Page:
Black as Evil

Georg von Simson g.v.simson at EAST.UIO.NO
Fri Dec 8 15:36:37 UTC 2000

Swaminathan Madhuresan wrote:

> Sin's color isn't black always. The bible gives it as
> white too:
>    "'Though your sins are like scarlet,
>        they shall be white as snow;
>    Though they are red like crimson,
>        they shall be like wool . .  .'"  (Isaiah 1:18, NIV.)>

I have no Old Testament at hand here in my office (perhaps I should), but I
wonder whether this should not be interpreted as: your sins shall be white
i.e. they shall washed off, be no sins any more, they shall disappear?

>>There is no real point in contrasting the black god Vishnu-Krishna
>>with the white of mourning ...
> Is the God Vishnu known to be black from earliest
> Sanskrit sources? Given the portrayal of black in
> the duality theme both in Iran and India, could
> the black God Vishnu represent acculturation
> in India? Perhaps black as a God is missing in
> Persia.

The Rgveda does not yet say that Vishnu is black, as far as I know, but
since it does not say very much about the god anyway, we cannot arrive at
the conclusion that he was not conceived as black either. For me his
identification with Krishna, "the Black one" is more than a mere
coincidence, but I think that his blackness has a symbolic value and has
nothing to do with skin colour and even less with beauty. One of the most
important manifestations/incarnations of the later Vishnu is the boar, an
animal characterized by its black colour, but not by its beauty.
One of the (many) meanings of blackness is absence of light = absence of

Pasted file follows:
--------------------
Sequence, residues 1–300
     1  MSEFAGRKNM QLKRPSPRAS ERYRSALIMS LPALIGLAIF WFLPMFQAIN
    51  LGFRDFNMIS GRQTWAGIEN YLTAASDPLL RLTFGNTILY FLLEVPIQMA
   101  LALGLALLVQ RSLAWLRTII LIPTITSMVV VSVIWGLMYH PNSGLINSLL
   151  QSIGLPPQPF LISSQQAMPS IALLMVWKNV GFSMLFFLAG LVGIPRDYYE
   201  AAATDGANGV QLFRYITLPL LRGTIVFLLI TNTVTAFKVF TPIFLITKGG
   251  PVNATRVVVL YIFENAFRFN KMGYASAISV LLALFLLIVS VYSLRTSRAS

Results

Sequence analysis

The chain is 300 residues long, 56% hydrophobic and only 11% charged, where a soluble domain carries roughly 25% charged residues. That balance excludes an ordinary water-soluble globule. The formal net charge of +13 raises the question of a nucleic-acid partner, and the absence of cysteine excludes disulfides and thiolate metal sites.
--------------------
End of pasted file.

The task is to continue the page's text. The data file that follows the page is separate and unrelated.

distinct/visible forms; it can therefore indicate mysteriousness and magic,
both characteristics of Vishnu.
This is a complicated subject, and I will certainly not be able to convince
you in a few lines. I just started writing a major article on Vishnu, but -
as I have many other things to do - it will take time to finish it, so
please be patient!

>>Are you so sure that black never is associated with negative
>>ideas in Tamil literature and that white is just associated
>>with mourning and never with anything positive?
>Tamil literature does not cast black as a non-likeable
>color at all. And, the duality theme of putting
>white against black is absent too.
Experience people in South India never fear in the dark, and is black never
associated with the darkness of night or of a cave inhabited by monsters?
That would be remarkable indeed.
Sanskrit poets compare the bright (and white!) disk of the full moon with a
beautiful face. This is in fact the most common comparison of all. And the
dark (=black) spots in the moon can be considered as a blemish (doSa; see
e.g. Kalidasa, Kumarasambhava 1.3.), thus (in this context) black = ugly.
So there are many reasons "of putting white against black" and the complete
absence of this duality in Tamil literature would indeed surprise me. Is
the just mentioned comparison of the bright moon with a beautiful face
unknown in Tamil poetry? I understand well that black skin is described as
beautiful as is black hair or black eyes of women in Western literature.
But are there not other contexts where black appears as ugly, as a blemish
(like black spots on clothes)? Please enlighten us!


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